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September 24, 2015


September 24, 2015


This case is decided pursuant to Chapter 410 of the Texas Workers’ Compensation Act and Rules of the Division of Workers’ Compensation adopted thereunder. For the reasons discussed herein, the Hearing Officer determines that Claimant is not entitled to Butrans patches 10mcg for the compensable injury of (Date of Injury)


On September 22, 2015, a medical contested case hearing was held to decide the following disputed issue:

Is the preponderance of the evidence contrary to the decision of the IRO that Claimant is not entitled to Butrans patches 10mcg for the compensable injury of (Date of Injury)?


Petitioner/Claimant and his wife, JW, appeared by phone and were assisted by TB, ombudsman. Respondent/Carrier appeared and was represented by JF, attorney.


Claimant sustained a compensable injury on (Date of Injury). His doctor is currently treating him for chronic pain associated with his compensable injury. His doctor, LR, MD., recommended Claimant be treated with Butrans patches 10mcg. Carrier disputed the need for this medication. Carrier’s two utilization review doctors opined this medication was not reasonable or medically necessary. Claimant’s doctor disputed their determinations and requested an Independent Review Organization (IRO) review. The IRO doctor, who is board certified in physical medicine and rehabilitation and pain medicine upheld Carrier’s denial. Claimant requested a medical contested case hearing, disputing the finding of the IRO doctor.

Texas Labor Code Section 408.021 provides that an employee who sustains a compensable injury is entitled to all health care reasonably required by the nature of the injury as and when needed. Health care reasonably required is further defined in Texas Labor Code Section 401.011 (22a) as health care that is clinically appropriate and considered effective for the injured employee's injury and provided in accordance with best practices consistent with evidence based medicine or, if evidence based medicine is not available, then generally accepted standards of medical practice recognized in the medical community. Health care under the Texas Workers' Compensation system must be consistent with evidence based medicine if that evidence is available. Evidence based medicine is further defined in Texas Labor Code Section 401.011 (18a) to be the use of the current best quality scientific and medical evidence formulated from credible scientific studies, including peer-reviewed medical literature and other current scientifically based texts and treatment and practice guidelines. The Commissioner of the Division of Workers' Compensation is required to adopt treatment guidelines that are evidence-based, scientifically valid, outcome-focused, and designed to reduce excessive or inappropriate medical care while safeguarding necessary medical care. Texas Labor Code Section 413.011(e). Medical services consistent with the medical policies and fee guidelines adopted by the commissioner are presumed reasonable in accordance with Texas Labor Code Section 413.017(1).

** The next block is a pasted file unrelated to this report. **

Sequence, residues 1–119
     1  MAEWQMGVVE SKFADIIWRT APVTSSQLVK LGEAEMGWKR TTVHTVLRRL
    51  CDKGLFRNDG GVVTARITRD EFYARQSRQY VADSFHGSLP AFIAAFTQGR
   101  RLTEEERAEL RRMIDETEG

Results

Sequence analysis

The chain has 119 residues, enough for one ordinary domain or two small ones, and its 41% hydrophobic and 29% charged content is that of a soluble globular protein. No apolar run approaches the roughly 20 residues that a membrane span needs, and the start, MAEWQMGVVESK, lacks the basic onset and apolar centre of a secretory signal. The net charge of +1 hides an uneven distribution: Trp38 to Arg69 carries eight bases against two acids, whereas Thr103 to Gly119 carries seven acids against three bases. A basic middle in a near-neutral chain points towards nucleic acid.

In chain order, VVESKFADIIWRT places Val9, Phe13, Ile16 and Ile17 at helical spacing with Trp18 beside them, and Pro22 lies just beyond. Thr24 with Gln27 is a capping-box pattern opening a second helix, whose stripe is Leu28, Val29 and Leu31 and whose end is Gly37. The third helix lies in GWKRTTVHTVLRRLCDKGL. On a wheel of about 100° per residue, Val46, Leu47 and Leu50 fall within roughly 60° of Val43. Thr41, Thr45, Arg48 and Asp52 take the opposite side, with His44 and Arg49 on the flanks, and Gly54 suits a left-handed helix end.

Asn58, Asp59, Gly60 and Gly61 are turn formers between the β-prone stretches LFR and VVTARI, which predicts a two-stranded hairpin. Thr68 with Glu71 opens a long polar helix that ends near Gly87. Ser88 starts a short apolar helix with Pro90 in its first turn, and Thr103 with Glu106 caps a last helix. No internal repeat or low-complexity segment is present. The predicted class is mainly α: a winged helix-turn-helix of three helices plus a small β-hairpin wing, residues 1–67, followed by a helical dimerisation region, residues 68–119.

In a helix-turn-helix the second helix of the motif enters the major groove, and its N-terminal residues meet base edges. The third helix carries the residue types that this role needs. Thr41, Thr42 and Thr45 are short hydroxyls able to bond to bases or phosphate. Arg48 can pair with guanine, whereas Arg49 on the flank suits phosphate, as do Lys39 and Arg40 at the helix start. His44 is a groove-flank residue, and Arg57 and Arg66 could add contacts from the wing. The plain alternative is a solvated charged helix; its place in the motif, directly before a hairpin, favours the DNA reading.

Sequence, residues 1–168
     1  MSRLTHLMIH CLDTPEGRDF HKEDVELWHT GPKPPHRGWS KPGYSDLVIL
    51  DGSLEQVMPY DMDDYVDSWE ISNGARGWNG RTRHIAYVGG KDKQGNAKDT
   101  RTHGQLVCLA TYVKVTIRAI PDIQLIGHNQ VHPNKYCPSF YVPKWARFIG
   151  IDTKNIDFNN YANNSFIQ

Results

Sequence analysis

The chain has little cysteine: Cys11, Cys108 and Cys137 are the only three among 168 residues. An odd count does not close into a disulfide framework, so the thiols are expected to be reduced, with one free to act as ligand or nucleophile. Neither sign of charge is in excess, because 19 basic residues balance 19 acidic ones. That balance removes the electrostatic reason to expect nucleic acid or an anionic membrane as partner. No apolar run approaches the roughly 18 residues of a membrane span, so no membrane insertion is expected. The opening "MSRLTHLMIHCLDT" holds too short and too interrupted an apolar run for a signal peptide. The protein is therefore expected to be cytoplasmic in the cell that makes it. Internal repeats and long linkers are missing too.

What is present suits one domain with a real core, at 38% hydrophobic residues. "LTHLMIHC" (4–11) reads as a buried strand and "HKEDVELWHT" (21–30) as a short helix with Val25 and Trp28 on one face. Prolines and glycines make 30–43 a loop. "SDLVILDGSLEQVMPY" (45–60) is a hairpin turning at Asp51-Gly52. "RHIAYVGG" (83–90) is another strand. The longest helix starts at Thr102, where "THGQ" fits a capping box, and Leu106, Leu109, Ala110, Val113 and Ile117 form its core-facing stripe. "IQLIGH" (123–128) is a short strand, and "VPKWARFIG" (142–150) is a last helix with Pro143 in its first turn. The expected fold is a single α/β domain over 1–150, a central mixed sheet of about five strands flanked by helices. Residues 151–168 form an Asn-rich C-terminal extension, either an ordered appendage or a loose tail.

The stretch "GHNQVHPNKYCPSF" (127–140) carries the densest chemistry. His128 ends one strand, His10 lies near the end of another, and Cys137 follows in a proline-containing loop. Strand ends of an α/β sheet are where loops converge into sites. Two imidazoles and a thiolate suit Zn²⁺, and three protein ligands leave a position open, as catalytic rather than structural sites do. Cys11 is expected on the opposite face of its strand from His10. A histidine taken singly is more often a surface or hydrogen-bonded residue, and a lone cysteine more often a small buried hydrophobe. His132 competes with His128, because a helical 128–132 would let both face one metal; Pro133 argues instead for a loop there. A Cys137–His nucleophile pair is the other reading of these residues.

In accordance with the above statutory guidance, the Division of Workers' Compensation has adopted treatment guidelines by Division Rule 137.100. This rule directs health care providers to provide treatment in accordance with the current edition of the Official Disability Guidelines (ODG), and such treatment is presumed to be health care reasonably required as defined in the Texas Labor Code. Thus, the focus of any health care dispute starts with the health care set out in the ODG. Also, in accordance with Division Rule 133.308(s), "A decision issued by an IRO is not considered an agency decision and neither the Department nor the Division are considered parties to an appeal. In a Contested Case Hearing (CCH), the party appealing the IRO decision has the burden of overcoming the decision issued by an IRO by a preponderance of evidence-based medical evidence."

On the date of this medical contested case hearing, the ODG provides the following with regard to Butrans patches 10mcg (buprenorphine):